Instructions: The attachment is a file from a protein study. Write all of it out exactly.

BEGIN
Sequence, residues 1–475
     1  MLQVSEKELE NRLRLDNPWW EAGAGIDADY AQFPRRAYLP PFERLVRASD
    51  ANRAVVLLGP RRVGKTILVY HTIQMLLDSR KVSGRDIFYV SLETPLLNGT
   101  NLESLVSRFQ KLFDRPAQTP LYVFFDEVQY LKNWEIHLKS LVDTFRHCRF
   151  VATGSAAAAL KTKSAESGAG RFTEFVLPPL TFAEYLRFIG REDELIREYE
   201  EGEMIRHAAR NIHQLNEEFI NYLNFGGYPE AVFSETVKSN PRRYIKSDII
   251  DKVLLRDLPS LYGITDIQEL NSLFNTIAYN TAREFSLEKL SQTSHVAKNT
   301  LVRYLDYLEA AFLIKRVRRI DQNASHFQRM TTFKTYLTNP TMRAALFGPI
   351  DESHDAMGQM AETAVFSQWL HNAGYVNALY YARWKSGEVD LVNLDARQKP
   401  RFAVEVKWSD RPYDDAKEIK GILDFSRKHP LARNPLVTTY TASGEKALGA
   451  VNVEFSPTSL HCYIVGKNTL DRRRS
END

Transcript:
Sequence, residues 1–475
     1  MLQVSEKELE NRLRLDNPWW EAGAGIDADY AQFPRRAYLP PFERLVRASD
    51  ANRAVVLLGP RRVGKTILVY HTIQMLLDSR KVSGRDIFYV SLETPLLNGT
   101  NLESLVSRFQ KLFDRPAQTP LYVFFDEVQY LKNWEIHLKS LVDTFRHCRF
   151  VATGSAAAAL KTKSAESGAG RFTEFVLPPL TFAEYLRFIG REDELIREYE
   201  EGEMIRHAAR NIHQLNEEFI NYLNFGGYPE AVFSETVKSN PRRYIKSDII
   251  DKVLLRDLPS LYGITDIQEL NSLFNTIAYN TAREFSLEKL SQTSHVAKNT
   301  LVRYLDYLEA AFLIKRVRRI DQNASHFQRM TTFKTYLTNP TMRAALFGPI
   351  DESHDAMGQM AETAVFSQWL HNAGYVNALY YARWKSGEVD LVNLDARQKP
   401  RFAVEVKWSD RPYDDAKEIK GILDFSRKHP LARNPLVTTY TASGEKALGA
   451  VNVEFSPTSL HCYIVGKNTL DRRRS